The rigid part of a Bhutanese backstrap loom consists of a platform to sit on connected to a vertical frame at the back with holes for holding warp-poles. Sometimes this vertical frame is attached to a wall or verandah posts, but usually it is free-standing.
A backstrap is attached by ropes to a breast-beam made of two half-cylinders, between which the warp passes, and held together by wrapping the rope around it. The weaver’s body and legs are used to create tension in the warp by bracing the legs against beams wedged against the frame.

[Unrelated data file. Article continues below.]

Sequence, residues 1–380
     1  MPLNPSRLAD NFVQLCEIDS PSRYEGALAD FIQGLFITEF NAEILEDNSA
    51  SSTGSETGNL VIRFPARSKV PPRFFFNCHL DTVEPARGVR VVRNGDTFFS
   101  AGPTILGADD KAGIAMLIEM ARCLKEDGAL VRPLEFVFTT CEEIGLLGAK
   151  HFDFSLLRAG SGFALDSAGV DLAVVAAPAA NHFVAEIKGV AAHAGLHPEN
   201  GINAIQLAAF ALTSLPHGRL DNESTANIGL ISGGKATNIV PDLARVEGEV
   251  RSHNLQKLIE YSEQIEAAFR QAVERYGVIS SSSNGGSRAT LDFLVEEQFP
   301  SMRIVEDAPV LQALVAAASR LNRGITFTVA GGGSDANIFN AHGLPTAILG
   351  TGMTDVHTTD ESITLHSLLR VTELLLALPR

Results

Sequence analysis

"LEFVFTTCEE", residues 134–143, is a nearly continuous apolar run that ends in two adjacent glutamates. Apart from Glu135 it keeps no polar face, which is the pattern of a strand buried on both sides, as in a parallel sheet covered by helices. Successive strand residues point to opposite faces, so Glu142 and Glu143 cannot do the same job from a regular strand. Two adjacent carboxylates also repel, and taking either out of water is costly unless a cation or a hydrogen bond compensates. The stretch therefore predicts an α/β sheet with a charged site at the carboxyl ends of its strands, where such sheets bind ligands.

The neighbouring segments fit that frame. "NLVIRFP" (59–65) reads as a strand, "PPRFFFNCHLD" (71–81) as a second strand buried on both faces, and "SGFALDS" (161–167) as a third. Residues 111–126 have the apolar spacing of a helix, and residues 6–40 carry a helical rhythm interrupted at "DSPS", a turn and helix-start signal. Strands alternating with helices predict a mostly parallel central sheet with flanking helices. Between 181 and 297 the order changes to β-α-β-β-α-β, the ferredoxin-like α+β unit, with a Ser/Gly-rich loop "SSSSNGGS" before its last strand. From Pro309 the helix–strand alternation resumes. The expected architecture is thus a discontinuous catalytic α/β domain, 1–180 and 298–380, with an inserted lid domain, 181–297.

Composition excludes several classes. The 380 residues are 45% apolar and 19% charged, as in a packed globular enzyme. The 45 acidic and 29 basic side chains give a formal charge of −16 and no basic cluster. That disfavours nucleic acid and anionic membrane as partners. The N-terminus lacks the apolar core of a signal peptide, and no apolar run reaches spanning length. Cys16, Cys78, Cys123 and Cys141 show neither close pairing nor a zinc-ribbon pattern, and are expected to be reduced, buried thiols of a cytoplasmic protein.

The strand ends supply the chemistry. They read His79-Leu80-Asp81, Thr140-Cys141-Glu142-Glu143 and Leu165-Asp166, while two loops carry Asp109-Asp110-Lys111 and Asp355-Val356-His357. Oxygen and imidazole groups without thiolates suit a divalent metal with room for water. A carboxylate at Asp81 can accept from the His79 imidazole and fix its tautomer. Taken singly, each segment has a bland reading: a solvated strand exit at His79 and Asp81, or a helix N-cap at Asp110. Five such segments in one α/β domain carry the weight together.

A variety of bamboo and wooden shed rods, heddle rods and swords are also used. The largest sword also functions as a beater. The shuttle is a simple length of bamboo, sometimes encased in a bamboo or plastic sheath.
Weavers sit on a cushion or piece of sack or fabric so that they can slide forward to loosen the warp when changing the shed.